Bhutan - Infrastructure, power, and communications

Bhutan's infrastructure is limited although the government is actively attempting to open the more isolated areas of the country by improving the road network. Around 14,000 passenger vehicles were in use on Bhutan's 3,285 kilometers (2,041 miles) of roads in 1999. In 1997 the Road Surface Transport Authority was established to improve the efficiency and quality of the road infrastructure and to enforce the observation of transport regulations. There are no railways in Bhutan. In accordance with the government policy of allowing a restricted opening-up of Bhutan for both citizens and foreigners, total passengers on scheduled flights rose from 8,000 in

Country Telephones a Telephones, Mobile/Cellular a Radio Stations b Radios a TV Stations a Televisions a Internet Service Providers c Internet Users c
Bhutan 6,000 N/A AM 0; FM 1; shortwave 1 37,000 0 11,000 N/A 500
United States 194 M 69.209 M (1998) AM 4,762; FM 5,542; shortwave 18 575 M 1,500 219 M 7,800 148 M
China 135 M (2000) 65 M (2001) AM 369; FM 259; shortwave 45 417 M 3,240 400 M 3 22 M (2001)
Nepal 236,816 (2000) N/A AM 6; FM 5; shortwave 1 (2000) 840,000 1 (1998) 130,000 6 35,000
a Data is for 1997 unless otherwise noted.
b Data is for 1998 unless otherwise noted.
c Data is for 2000 unless otherwise noted.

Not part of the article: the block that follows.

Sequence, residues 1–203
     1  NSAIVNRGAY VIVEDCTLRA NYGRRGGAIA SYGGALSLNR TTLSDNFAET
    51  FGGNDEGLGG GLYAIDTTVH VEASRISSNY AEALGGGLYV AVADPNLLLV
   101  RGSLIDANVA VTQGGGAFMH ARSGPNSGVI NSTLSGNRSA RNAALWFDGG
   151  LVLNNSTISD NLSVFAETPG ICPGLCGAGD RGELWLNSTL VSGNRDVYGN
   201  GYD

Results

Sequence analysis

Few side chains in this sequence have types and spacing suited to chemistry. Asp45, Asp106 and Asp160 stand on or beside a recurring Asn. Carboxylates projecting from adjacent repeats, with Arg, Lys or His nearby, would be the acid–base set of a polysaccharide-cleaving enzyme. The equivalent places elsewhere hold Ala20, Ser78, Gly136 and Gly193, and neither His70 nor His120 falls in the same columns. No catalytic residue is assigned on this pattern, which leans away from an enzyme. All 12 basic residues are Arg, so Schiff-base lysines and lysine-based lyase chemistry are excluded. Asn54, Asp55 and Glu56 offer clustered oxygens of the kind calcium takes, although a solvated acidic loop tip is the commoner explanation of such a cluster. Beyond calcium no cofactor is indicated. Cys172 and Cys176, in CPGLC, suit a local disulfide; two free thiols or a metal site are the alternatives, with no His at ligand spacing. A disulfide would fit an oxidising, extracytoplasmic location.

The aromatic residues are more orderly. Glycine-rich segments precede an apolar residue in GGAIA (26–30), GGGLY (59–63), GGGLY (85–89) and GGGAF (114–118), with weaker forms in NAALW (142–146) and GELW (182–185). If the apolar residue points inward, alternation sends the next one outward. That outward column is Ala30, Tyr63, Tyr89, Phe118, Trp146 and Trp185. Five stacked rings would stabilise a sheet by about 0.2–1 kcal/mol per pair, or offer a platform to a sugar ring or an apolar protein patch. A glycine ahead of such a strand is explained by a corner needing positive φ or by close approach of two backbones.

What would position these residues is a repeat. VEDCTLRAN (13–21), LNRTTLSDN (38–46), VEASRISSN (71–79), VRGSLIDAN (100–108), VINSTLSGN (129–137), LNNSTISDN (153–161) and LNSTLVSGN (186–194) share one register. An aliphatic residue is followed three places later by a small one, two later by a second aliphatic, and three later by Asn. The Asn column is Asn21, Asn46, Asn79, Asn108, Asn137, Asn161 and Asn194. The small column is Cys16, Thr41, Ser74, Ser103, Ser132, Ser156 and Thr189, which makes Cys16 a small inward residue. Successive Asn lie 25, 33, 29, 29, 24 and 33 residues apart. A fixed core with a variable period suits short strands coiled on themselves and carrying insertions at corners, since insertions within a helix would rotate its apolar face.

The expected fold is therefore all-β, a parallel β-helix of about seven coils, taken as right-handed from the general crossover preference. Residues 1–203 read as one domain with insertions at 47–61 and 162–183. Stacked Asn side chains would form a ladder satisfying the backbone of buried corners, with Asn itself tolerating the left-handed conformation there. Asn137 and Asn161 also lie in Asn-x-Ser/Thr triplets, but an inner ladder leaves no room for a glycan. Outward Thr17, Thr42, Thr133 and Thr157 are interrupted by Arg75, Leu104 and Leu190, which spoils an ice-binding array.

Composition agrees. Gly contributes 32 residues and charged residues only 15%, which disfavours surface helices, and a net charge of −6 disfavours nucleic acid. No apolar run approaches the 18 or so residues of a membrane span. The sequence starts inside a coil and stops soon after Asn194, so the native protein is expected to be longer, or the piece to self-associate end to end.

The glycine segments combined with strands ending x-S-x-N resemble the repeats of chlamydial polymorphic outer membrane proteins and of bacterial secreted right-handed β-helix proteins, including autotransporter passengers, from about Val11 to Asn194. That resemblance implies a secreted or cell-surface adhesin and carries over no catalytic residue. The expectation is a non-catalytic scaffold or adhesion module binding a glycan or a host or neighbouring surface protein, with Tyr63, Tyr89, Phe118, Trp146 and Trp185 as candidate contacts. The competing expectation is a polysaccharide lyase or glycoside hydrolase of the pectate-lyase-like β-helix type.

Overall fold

SOURCE: CIA World Factbook 2001 [Online].

1990 to 36,000 in 1997. The national airline, Druk Air, owns 2 planes which fly to and from Paro International Airport which opened a new terminal building in the late 1990s. Bhutan is landlocked; the nearest seaport is 435 miles away in Calcutta.

Electricity, gas, and water provided 11.8 percent of value-added activity to the economy in 1997. In 2000, Bhutan's electricity-generating capacity was 3530 megawatts, 97 percent of which is hydro power and the rest thermal. The central role of electricity production to Bhutan's economy is likely to expand in the early 21st century. New large-scale hydro power stations were under construction by 2001 which are expected to provide considerable government revenue. However, over 95 percent of domestic energy consumption in Bhutan consists of biological mass, predominantly firewood.

Bhutan was cut off from the outside world for centuries. Television only began to be provided by the state-run Bhutan Broadcasting Service (BBS) Corporation in 1999 and was limited to a small number of hours a day of programming (consisting solely of national news and documentaries about Bhutan). Nonetheless, (based upon a population of 1.03 million) there were already 5.5 televisions per 1,000 population in 1997, which by 2000 received 25 channels from 2 cable television companies. By 1997, there were 19 radios per 1,000 inhabitants. According to UN estimates there is only 1 telephone per 100 inhabitants. In 1999, a Japanese-funded project to provide domestic digital telecommunications was completed. The Internet became operational in Bhutan in 1999.

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